Articles  •  Britain

Saudi Arabia's unholy war

10 March 2015

Marcus Halaby investigates Saudi Arabia’s role in the rise of ISIS
Our rulers routinely present the beheadings of hostages carried out by the Islamic State (IS) as proof of their need to send their military forces into a region whose past experience of Western bombing, invasion and occupation created the very forces that they are fighting against today. But there is a state in the region that beheads dozens of people every year, many of them poor foreign migrants sentenced without even the semblance of a fair trial, that will not be the target of Western bombings or sanctions any time soon.
That state, Saudi Arabia, just happens to have the world’s second largest oil reserves, about a fifth of the total, and is the world’s second-largest oil producer after Russia, with about 13 per cent of world production. It is, today, a key part of the unholy coalition of states ranged against IS, taking part in airstrikes against IS targets in Syria in September 2014, and building a 600-mile long fortified wall to separate it from regions of Iraq now under IS control.
Saudi Arabia’s official ideology is “Wahhabism”, a particularly intolerant sub-sect of Salafism that it shares with IS, and which it made its mission to export to the rest of the Arab and Muslim world.
What is less well known is that Wahhabis form only between a fifth and a quarter of Saudis, roughly the same size as Saudi Arabia’s Shi’a Muslim minority, the latter treated as second-class citizens despite forming a majority of the population in most of the oil-producing eastern half of the country. This leaves “ordinary” non-Wahhabi Sunni Muslims at just over half of Saudis – and about two-thirds of Saudi Sunnis.
Moreover, the form of Wahhabism promoted by the Saudi state is strongly opposed to participation in politics, making it a highly convenient ideology for an absolutist monarchy whose ruling dynasty claims a divine right to rule. This puts it at odds – politically, as well as theologically – with “mainstream” Islamist movements like the Muslim Brotherhood, and in particular with the explicitly political Islamism associated with the ideas of Sayyid Qutb, as well as with Wahhabi and Salafist movements beyond its borders who reject the Al Saud dynasty’s claims to rule. IS leader Abu Bakr al-Baghdadi’s declaration in June 2014 that he was now “Caliph Ibrahim”, the religious and political leader of a global Muslim caliphate, was a direct challenge to the Saudi state’s legitimacy.
These factors make the Saudi monarchy particularly vulnerable to the rise of the Brotherhood and its imitators like Turkey’s Justice and Development Party (AKP), especially when their programmes espouse proposals for political reform or constitutional government. This in turn helps to explain the Saudi state’s visceral hostility to movements that most outsiders might assume would be its natural allies, supporting “secular” dictators like Egypt’s Abdel Fattah el-Sisi or Libya’s Khalifa Haftar against their Islamist opponents, supporting the secular nationalist Fatah against Hamas, the Brotherhood’s Palestinian offshoot, and helping to establish Zahran Alloush’s Salafist “Army of Islam” in Syria precisely to oppose IS and its rival, Jabhat al-Nusra.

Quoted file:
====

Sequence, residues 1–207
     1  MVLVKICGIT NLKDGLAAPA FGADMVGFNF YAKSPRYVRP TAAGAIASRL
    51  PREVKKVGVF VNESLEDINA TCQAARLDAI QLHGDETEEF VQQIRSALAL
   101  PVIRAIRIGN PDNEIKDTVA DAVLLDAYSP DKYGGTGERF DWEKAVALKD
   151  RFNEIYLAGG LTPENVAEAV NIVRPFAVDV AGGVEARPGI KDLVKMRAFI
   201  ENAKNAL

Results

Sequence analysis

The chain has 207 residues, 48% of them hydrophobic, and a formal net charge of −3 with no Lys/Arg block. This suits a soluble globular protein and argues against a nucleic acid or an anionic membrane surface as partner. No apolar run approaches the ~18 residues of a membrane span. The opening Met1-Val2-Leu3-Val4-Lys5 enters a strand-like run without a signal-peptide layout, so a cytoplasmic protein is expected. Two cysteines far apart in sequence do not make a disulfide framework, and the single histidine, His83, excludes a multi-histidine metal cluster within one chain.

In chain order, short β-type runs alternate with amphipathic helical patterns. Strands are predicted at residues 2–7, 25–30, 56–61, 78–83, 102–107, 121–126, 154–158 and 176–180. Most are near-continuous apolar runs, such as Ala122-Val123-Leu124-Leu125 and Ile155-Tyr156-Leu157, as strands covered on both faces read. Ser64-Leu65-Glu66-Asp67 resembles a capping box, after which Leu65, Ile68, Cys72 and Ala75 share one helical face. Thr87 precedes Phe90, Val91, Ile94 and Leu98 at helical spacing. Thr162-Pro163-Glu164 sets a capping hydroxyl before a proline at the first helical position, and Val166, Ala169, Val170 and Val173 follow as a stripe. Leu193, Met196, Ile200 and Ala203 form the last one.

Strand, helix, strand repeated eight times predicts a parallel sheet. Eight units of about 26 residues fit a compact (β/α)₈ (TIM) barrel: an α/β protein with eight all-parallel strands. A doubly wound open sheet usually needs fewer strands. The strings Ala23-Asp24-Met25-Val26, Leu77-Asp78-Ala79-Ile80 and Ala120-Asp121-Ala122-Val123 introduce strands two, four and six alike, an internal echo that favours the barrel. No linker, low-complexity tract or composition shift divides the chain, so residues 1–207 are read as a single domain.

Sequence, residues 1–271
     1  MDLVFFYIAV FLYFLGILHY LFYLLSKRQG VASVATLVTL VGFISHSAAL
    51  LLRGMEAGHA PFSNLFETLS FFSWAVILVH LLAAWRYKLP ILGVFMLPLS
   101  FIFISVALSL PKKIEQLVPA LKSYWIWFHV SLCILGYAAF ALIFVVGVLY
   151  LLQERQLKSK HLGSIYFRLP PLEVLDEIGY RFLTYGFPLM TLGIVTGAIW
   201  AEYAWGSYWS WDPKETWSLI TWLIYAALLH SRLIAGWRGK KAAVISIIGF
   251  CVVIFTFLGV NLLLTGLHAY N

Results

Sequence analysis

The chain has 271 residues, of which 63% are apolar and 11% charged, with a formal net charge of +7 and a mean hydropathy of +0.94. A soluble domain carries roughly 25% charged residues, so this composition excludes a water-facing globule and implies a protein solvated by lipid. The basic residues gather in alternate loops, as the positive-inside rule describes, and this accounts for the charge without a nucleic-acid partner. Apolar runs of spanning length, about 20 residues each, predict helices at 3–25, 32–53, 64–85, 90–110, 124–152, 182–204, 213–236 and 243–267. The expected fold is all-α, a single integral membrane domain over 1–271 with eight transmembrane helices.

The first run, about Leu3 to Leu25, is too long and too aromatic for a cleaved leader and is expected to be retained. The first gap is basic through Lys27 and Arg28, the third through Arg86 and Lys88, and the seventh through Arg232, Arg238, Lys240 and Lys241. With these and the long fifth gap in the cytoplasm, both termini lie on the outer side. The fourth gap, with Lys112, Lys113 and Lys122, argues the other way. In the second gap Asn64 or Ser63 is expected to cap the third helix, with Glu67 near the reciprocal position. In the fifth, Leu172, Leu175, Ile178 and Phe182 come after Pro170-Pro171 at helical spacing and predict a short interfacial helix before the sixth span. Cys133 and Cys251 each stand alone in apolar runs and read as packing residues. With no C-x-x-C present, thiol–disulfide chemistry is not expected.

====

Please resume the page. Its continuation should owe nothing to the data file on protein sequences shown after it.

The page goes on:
For its part, IS is probably the Sunni Islamist formation in Syria and Iraq least dependent on Saudi and other foreign sources of funding. In its origins in Iraq under the US-led occupation after 2003, it was able to establish a “business model” of revenues extracted locally through tribute, extortion and ransom, which it took with it to Syria after 2012, in the process developing a relatively sophisticated bureaucracy by the standards of its rivals. Its seizure of oil fields and refineries in Raqqa and Deir Ezzor in eastern Syria gave it a further source of independent revenue, an experience since repeated in Iraq following its seizure of Mosul. This ironically turned its nominal enemy into one of its biggest sponsors, as the Assad regime provided it with revenues to protect the pipelines that enabled Syria’s oil, to continue to reach the world market.
It is not coincidental that the Western powers moved towards a direct confrontation with IS after its seizure of Mosul and Tikrit in June 2014. And here their concerns were not for the protection of the Kurds or the Yazidis, but to prevent Iraqi Kurdistan’s large oil reserves from falling into IS’s hands.
The US-allied Saudi state might not have “funded” IS – although many of its citizens, including a part of its ruling class certainly did. But it does bear the responsibility for creating the ideological climate within which movements like it, many of them now hostile to the Saud dynasty, could acquire legitimacy.
Most infamously, Saudi Arabia poured billions into supporting the US-backed Islamist insurgency against Afghanistan’s pro-Soviet government in the 1980s, in the process launching the career of Osama bin Laden and his al-Qaeda movement, from whose offshoot in Iraq IS originally emerged. And Saudi Arabia remains the godfather of an ultra-reactionary religious sectarianism across the region.
It has been helped in this by an equally virulent Shi’a sectarian politics promoted by the Iranian theocratic regime, whose proxy militias in Iraq have a record of massacres of Sunnis every bit as grim as IS’s massacres of Shi’as and Kurds. That this receives less attention in our media is in part due to the fact that these sectarian militias are on “our side”, having helped stabilise the US-led occupation and propping up Iraq’s Western-supported and pro-Iranian regime since.

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